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    Cheap, But Not Free

    by Geoff Dougherty
    July 3, 2008

    A lot of the interest in citizen journalism over the past few years has been related to economics. Sign up a bunch of users on your site, get them to write stuff, sell ads along side the free content, retire early.

    While some content that comes in this way is impeccably written and delightfully newsworthy, most is not. So news organizations interested in publishing quality content, and hoping to do it for free, are bound to be disappointed.

    Partnering with citizen journalists to produce great neighborhood coverage involves money, and sometimes a lot of it. The journalists need training, and each story requires an editor’s close attention all the way through the process, from generating ideas to dotting the final “i”.

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    At various points during our year-long experiment with citizen journalism, I’ve wondered if it wouldn’t be more economical to simply pay experienced journalists to cover Chicago neighborhoods for us.

    But some cocktail-napkin calculations show otherwise.

    Right now, we’re working on plans for Phase Two of our citizen journalism program. It’ll provide Chicago readers with at least one story a week from each of our city’s 77 neighborhoods. We’re shooting for about 5,000 stories a year.

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    To produce that coverage, we’ll be recruiting more than 300 citizen journalists, training them, facilitating monthly story meetings in their neighborhoods, and assigning each journalist to work closely with a pro editor.

    How much does it cost? We’re still hashing out the budget. But it’s not likely to exceed half a million bucks a year, even when you factor in marketing and recruiting costs. Our cost per story will likely be between $90 and $125. Costs for the first year of our program have been similar.

    By contrast, we pay our freelancers $125 or more per story. That number doesn’t include editing time or overhead related to recruiting and managing those freelancers. With those expenses, freelance stories cost us between $160 and $200. So citizen journalism is clearly an economic win.

    The benefits go beyond economics, though.

    Each one of the 60 or so citizen journalists working for us is an advocate for our site. They tell their friends and family about what we do, which helps drive traffic and recruit other volunteers.

    On a personal level, they combat the image of reporters and news organizations as elitists stuck in the ivory tower. It’s hard not to like the press when the reporting on your neighborhood is done by your neighbors.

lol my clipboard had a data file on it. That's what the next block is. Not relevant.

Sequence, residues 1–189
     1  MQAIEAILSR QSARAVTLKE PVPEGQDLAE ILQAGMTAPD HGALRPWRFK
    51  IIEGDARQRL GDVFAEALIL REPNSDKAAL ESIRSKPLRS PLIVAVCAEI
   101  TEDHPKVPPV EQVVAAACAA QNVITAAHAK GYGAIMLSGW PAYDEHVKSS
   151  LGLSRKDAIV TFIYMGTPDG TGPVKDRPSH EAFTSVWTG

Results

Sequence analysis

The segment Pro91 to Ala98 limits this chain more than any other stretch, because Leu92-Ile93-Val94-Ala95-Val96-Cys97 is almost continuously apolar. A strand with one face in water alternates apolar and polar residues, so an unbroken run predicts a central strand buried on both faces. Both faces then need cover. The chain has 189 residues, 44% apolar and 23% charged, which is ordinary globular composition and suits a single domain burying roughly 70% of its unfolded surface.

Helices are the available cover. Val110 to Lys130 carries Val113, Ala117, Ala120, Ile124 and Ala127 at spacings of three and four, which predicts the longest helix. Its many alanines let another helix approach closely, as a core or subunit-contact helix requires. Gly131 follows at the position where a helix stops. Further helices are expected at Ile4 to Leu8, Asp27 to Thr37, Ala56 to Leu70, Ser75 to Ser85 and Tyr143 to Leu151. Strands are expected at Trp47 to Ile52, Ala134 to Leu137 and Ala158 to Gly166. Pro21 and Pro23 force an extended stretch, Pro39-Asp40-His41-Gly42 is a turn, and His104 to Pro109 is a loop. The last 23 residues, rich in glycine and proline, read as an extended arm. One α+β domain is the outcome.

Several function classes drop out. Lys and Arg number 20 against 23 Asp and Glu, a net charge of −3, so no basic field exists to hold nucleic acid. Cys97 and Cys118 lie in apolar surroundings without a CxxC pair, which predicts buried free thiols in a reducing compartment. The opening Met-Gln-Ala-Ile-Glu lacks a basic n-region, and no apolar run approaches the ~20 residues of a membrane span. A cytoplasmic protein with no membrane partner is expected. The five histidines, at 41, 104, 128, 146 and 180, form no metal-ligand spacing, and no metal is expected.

And in terms of civic engagement, we’re getting dozens of people involved in their communities, attending school council meetings, interviewing their aldermen, and writing about zoning issues.

    So there’s a wealth of social benefits that come along with citizen journalism. And it’s hard work. And yes, it’s cheaper than paying reporters. But not as cheap as you thought.

    Tagged: citizen journalism economics
    • Geoff:

      You wrote:

      While some content that comes in this way is impeccably written and delightfully newsworthy, most is not. So news organizations interested in publishing quality content, and hoping to do it for free, are bound to be disappointed.

      I basically agree with your comment but I do have a problem with the way you frame the issue of citizen content. It is really not a black and white; either or circumstance.

      Certainly much of the content provided the community by individuals is fails as anything approaching hard news or even spot news. Regardless, social networks are excellent tools in providing content in the broad category of social news.

      While serious news organizations are apt to look down their noses at such content, the reality is that it serves several community functions. If you’ve ever read the society pages in august publications like the Washington Post you know that this content is just another variation on the lives of the rich and famous. Ditto the travails of Brittany or the next latest starlet scandal.

      The purpose of the social news – that content that is apparently of limited value – is that it, in its Internet iteration, provides validation to the lives of the not so rich and famous. I will add that in doing so, it also provides a reason for the individual who contributes and gains validation for their life — they are no longer limited to their fifteen minutes of fame — to come and be exposed to the greater community.

      My experience at paulding.com shows me that in areas other than pure spot news … accidents and fires … getting a good accurate story requires someone actually doing the job of journalism.

      Because the contribution of real news is critical to the continued existence of most social networks – news is the glue that keeps them from disintegrating – it really will not be provided by anyone other than someone practicing journalism.

      This is not to say that citizens do not have a role in the reporting of news but my experience here suggests their greatest contributions come in their providing context to the facts presented in the news. And don’t kid yourself, the importance of their comments on the news comes from their context as multi-dimensional personalities that folks at least believe gives their words varying degrees of weight.

      But the most important aspect of the social component is that it validates the individual and brings them into the community where they can be the consumer of community news. I call it the serendipity factor and it is a key to any commercial success in my estimation.

      GP Hughes

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